WHEN Blackpool FC’s squad learnt popular midfielder Keith Southern had undergone an operation to remove a tumour, they were stunned.
After all, it’s only two weeks since Southern was tearing around the football pitch – now, the 30-year-old is facing an anxious wait to find out if he has testicular cancer.
It’s perhaps not a situation that fit, healthy footballers expect to find themselves in, but it’s one former Oldham Athletic player Scott McNiven can identify with.
The 33-year-old, from St Annes, was in the changing rooms after a match seven years ago when he received the news his club doctor had found a lump.
Scott, who was playing for Mansfield Town at the time, said: “I first got the news after a game on a Saturday. I was just in a state of shock. The club doctor said you need to go to a specialist and he booked me in urgently.
“I went to the specialist on the Tuesday, had the ultrasound and he confirmed it was a tumour.
“They said they needed to get it out and the specialist explained the likelihood of dying was slim, but they needed to operate and get it out to see what stage it was at.
“The way the specialist explained it to me really made me calm, but at the same time it was scary. I was away from home, quite young with no family and only a girlfriend to rely on – and she was brilliant.”
Testicular cancer is the most common form of cancer in men aged between 15 and 44, and affects around 2,000 men a year in the UK.
But despite this, Scott admitted hearing the word “cancer” was a bolt from the blue – and if it hadn’t been for his now-wife Adele, he would never have had his testicles checked out.
He said: “I was fortunate enough not to have any symptoms, but my wife nagged me enough to go to the doctor.
“I wasn’t ill and I thought cancer was something where you brought up blood, had aches and some sort of crazy symptoms.
“I didn’t know anything about cancer, I thought it would never happen to me. But it when it comes along it does hit you.
“You can be the healthiest person in the world but you need to check out any lumps, it’s vitally important you’re aware of how little this disease is, but what a killer it can be.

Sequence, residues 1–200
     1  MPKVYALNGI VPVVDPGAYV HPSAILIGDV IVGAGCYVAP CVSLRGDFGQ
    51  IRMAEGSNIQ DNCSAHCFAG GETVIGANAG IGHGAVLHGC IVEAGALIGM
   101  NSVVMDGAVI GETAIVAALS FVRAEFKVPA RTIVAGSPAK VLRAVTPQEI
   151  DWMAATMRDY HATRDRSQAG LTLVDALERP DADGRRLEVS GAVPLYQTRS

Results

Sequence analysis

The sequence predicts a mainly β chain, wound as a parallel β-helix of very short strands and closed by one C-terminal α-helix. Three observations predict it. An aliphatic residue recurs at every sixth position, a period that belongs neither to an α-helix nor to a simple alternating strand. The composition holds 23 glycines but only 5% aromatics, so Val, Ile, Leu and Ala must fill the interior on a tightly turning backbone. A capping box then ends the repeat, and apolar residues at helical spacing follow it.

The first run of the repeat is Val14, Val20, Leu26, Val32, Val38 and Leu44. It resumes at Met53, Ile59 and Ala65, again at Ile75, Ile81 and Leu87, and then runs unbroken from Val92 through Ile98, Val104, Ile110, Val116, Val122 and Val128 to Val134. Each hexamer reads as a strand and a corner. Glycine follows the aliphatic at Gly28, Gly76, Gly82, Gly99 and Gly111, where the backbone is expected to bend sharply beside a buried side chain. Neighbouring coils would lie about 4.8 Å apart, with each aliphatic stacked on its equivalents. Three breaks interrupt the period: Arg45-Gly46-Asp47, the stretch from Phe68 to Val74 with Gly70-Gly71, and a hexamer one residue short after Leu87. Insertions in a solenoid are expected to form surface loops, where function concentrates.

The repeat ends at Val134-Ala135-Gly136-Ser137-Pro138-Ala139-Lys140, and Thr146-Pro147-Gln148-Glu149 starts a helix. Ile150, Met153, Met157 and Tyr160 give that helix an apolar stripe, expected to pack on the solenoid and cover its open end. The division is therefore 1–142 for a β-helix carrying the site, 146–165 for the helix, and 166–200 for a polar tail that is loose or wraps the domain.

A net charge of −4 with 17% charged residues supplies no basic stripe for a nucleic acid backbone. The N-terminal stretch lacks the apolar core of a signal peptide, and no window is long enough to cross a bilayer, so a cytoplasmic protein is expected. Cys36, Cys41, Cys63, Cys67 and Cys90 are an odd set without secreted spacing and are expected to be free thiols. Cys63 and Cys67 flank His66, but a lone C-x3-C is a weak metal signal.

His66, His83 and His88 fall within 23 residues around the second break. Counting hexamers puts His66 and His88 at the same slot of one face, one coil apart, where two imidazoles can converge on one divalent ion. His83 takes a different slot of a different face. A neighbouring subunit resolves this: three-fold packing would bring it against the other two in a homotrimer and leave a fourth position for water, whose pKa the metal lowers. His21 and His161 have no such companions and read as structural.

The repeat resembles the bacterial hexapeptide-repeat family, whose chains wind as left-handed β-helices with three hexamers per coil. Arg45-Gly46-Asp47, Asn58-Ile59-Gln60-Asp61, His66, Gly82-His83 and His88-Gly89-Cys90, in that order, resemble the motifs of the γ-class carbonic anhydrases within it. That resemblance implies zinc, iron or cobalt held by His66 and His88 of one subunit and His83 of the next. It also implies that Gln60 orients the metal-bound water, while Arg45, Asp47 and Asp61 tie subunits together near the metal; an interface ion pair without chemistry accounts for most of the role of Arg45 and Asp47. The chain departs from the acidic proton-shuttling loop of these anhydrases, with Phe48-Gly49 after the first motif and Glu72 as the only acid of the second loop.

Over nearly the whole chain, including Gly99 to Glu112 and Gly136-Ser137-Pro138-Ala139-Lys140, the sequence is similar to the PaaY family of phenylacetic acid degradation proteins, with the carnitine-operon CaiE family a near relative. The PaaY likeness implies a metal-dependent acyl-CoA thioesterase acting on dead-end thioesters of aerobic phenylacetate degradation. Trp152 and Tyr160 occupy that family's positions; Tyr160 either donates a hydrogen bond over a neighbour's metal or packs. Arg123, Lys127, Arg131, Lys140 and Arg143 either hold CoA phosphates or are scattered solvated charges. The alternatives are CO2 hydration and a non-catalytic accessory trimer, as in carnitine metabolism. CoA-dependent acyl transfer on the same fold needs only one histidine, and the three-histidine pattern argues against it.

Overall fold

“I had two lumps on each testicle. One was a cyst, and one had overtaken the whole testicle and it was cancer. Because the other testicle felt similar I just thought it was the shape of my testicles and it was normal, but evidently it wasn’t.
“Only the persistence of my wife made me remember to ask the club doctor and that saved my life.”
The operation wasn’t the end of Scott’s journey, and he had to undergo radiotherapy to make sure all traces of cancer were eradicated.
Scott, who now coaches Blackpool FC’s under-11 team, said: “I had to undergo four weeks of radiotherapy. Doctors spotted a shadow on my lymph nodes on my stomach and they just wanted to blast it to make sure all the cancer cells were killed.
“I’m still going for regular check-ups, and they’ve just gone down to annually now.
“Luckily everything has been OK and I’m back as fit as I can be. It’s not come back and hopefully it will stay away.”
Since his battle with cancer, Scott has been lucky enough to welcome two-year-old daughter Jessica to his family, something he wasn’t sure would be possible.
And he now does his best to spread the word about testicular cancer with men’s cancer charity Everyman – encouraging everyone to make sure they check themselves out. Key signs to look out for with testicular cancer are a lump in either testicle, any enlargement of the testicles, a feeling of heaviness in the scrotum or an ache in the abdomen or groin.
Southern is now waiting for the results of a biopsy, which will reveal whether or not his tumour was benign. It’s hoped he will return to training in the New Year.
Scott added: “Hopefully, he has caught it in time and he is going to be fine. I wish him all the best.”